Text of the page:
Jia Zhangke’s is often a cinema of déjà vu: “We’re again in the northern Chinese city of Datong,” Giovanni Marchini Camia wrote for Sight and Sound back in 2019, “it’s again the start of the new millennium, Qiao is again dating a mobster, yet no one else makes a reappearance and there are enough differences to signal that this isn’t a sequel or remake.” Camia was writing about Ash Is Purest White yet much of the same could be said for Caught by the Tides, the director’s latest experiment in plundering his archive––indeed his memories––and spinning what he finds into something new. The protagonist of Tides is again named Qiao and is again played by Zhao Tao, appearing here in more than 20 years of the director’s footage and allowing the viewer to watch that singular creative partnership evolve in real time––one of the great treasures of contemporary cinema.

Making this kind of film can be done in two ways: go the Linklater route and shoot with the same group of actors once a year or so; otherwise you can find an actor with whom you will share a symbiotic relationship, in which case any work collaborated on may one day be fair game. Structurally, Ash and Tides are each other’s mirror image: love stories told over two decades in which a dancer (Zhao) falls in love with a dubious man, Guo Bin (Zhubin Li), and gets jilted in the city of Fengjie, only for him to return in a newly shot final act. The director has said he started working on Tides during lockdown as he pored over old footage, reassembling and tweaking that well-worn narrative. When I spoke to the director recently, he described the process in almost poetic terms: “I would say that it’s like clouds in the sky: clouds keep flowing, and they can go in any direction and into any shape or form.”

All those reflections aside, it is the least-conventional of his recent work. The film begins in 4:3 ratio, this time documentary footage from 2001 of a group of women singing popular songs. Tides then brings the viewer on a journey through two decades of monumental changes in the country, from being awarded the Olympic bid that year to the building of the Three Gorges Dam around the end of that decade (Jia’s signature narrative fulcrum), and all the way up to the age of COVID and TikTok. Early on there are some lovely street-level shots in which pedestrians look into camera à la Chantal Akerman’s To the East. There is also a dazzling sequence in which Zhao stalks a catwalk outside a new mega mall––the film’s first blast of cosmopolitan bustle. Gradually, and with little-to-no dialogue, Zhao’s character, a dancer working promotional gigs, emerges; as does Zhubin’s, who first appears as her manager. Events conspire to leave Qiao wandering alone in the city of Fengjie, attempting in vain to find him, while in the background residents are being relocated to towns on higher ground before the gorges are flooded. That these events have supplied the background to so many of his films never seems to diminish their historical heft in his work.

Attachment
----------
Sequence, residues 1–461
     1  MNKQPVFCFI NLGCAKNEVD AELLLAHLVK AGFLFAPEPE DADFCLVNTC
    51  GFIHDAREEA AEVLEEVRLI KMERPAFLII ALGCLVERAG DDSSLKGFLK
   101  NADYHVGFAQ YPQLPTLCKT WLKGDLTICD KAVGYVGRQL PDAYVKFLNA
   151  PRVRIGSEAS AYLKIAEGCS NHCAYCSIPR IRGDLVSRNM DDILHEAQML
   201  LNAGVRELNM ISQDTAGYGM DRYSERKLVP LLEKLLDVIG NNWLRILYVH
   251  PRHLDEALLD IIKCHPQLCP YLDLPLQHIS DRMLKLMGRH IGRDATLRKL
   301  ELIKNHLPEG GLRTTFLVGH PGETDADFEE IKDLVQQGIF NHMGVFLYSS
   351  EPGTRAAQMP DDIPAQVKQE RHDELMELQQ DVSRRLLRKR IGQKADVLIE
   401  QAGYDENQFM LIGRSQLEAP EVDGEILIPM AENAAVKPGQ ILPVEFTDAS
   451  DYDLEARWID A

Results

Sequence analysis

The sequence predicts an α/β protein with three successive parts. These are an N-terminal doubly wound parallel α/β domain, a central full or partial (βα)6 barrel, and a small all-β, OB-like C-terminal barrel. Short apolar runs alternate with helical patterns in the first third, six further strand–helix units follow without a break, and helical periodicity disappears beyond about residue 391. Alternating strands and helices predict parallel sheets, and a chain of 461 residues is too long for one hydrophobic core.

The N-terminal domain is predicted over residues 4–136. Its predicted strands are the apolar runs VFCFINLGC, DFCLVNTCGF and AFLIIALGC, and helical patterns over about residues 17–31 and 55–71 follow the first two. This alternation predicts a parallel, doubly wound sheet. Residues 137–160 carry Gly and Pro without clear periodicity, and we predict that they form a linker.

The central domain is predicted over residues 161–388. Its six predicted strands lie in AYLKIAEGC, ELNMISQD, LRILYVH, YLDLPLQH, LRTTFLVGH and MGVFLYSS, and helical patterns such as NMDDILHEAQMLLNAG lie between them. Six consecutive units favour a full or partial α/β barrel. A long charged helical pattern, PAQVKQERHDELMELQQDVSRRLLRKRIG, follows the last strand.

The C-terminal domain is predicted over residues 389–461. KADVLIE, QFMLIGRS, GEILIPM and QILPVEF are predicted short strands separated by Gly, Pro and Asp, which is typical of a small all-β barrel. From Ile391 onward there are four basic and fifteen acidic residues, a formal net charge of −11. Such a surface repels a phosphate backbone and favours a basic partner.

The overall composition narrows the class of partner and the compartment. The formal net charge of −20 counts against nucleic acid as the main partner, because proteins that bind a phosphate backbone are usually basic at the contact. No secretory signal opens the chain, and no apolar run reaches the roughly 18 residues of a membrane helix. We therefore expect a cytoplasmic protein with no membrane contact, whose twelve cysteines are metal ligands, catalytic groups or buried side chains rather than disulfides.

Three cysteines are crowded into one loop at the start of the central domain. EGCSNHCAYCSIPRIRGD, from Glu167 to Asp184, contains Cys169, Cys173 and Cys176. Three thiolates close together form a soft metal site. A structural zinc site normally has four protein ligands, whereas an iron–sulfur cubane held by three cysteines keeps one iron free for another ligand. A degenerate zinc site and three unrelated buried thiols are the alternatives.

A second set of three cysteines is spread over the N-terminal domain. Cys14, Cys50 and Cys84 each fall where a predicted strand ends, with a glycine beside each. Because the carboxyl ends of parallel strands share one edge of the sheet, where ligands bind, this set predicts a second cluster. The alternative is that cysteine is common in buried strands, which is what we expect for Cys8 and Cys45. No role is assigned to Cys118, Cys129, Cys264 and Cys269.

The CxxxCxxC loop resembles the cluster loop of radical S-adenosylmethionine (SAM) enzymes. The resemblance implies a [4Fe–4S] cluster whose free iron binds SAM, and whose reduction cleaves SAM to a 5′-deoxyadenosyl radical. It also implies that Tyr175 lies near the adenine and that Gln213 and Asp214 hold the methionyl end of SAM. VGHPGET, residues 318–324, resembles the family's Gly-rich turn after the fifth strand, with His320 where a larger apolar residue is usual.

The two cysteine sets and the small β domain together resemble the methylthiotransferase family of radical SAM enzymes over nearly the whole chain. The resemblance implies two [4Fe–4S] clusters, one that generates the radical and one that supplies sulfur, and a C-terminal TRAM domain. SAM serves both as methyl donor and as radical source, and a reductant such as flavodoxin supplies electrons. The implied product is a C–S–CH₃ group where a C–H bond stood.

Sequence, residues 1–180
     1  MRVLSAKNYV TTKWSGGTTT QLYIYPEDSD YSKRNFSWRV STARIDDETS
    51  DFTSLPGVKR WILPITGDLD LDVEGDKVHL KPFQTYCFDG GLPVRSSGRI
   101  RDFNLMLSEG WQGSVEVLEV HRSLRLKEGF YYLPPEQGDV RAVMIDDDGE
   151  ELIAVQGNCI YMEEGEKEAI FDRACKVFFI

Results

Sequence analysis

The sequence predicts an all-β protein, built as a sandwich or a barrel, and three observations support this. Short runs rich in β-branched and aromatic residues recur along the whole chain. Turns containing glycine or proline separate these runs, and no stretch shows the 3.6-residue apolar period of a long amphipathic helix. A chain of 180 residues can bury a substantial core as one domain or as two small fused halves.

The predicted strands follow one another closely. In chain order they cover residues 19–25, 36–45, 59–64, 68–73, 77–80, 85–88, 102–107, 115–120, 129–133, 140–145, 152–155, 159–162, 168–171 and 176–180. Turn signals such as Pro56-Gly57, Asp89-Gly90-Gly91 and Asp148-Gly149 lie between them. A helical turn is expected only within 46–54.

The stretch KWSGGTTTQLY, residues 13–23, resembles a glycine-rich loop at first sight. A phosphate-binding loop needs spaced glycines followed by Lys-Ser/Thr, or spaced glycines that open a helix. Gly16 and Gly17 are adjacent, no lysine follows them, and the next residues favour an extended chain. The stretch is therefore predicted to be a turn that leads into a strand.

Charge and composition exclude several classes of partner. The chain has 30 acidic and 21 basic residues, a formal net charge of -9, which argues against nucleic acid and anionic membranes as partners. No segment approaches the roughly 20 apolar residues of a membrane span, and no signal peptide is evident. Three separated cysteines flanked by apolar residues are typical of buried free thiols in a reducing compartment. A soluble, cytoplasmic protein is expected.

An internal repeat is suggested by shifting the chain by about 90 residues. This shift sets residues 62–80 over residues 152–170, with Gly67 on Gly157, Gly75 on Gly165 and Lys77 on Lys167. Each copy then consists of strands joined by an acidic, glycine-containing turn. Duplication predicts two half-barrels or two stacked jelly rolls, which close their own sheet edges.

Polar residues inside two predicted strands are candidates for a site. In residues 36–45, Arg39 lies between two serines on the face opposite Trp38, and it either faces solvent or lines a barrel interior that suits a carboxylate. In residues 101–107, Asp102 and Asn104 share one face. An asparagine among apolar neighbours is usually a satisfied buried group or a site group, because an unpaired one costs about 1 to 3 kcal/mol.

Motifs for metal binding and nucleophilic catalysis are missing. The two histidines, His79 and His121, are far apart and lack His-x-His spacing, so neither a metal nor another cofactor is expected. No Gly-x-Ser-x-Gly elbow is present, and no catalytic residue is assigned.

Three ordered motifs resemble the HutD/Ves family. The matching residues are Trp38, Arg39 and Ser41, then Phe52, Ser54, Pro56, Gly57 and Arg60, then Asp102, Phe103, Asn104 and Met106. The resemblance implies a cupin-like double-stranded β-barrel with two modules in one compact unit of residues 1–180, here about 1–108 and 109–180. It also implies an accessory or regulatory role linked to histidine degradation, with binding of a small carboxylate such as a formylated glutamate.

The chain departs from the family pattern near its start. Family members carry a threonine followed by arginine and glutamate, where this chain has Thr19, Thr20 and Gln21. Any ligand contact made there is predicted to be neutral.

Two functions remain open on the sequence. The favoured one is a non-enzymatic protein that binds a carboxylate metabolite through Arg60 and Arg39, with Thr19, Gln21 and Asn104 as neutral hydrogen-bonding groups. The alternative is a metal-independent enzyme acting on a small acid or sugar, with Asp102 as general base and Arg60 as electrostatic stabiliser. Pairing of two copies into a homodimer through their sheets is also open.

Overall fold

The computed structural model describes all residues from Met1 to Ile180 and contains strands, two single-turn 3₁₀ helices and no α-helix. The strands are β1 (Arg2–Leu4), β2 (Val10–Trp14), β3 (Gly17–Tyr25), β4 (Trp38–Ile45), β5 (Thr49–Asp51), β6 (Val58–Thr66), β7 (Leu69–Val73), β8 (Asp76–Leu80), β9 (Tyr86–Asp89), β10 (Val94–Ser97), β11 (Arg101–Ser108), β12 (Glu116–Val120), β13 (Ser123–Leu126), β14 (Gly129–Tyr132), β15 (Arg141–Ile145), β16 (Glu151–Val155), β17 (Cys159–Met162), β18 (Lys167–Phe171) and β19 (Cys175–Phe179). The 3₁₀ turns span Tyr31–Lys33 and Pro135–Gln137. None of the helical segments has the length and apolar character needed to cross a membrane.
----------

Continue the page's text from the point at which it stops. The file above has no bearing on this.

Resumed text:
Still, there were times in Tides when I began wondering just how often one can go back to the well. It was curious to see Zhao appear in Ash Is Purest White wearing the same outfit she had worn in Still Life 12 years earlier––yellow shirt, rucksack out in front, trusty water bottle at the ready––but I must admit I struggled to let it go in Tides‘ second act, to see that character and accept her as someone with a different inner life and personal history. It doesn’t help that many of the scenes here are dialogue-free, with Jia relying on on-screen text messages to move the story along. Luckily, the best things are left for last––just don’t expect a critique of the country’s strict lockdown protocols. There is a great sequence where Bin discovers that his old cronies have started representing a local influencer on TikTok. There is also an achingly melodramatic finale. At the Cannes premiere this week, Zhao broke down in tears as the credits rolled. She’d been sitting with Jia, watching 20 years together flash by in an instant. Life is rarely so cinematic.

Caught by the Tides premiered at the 2024 Cannes Film Festival.

Grade: B

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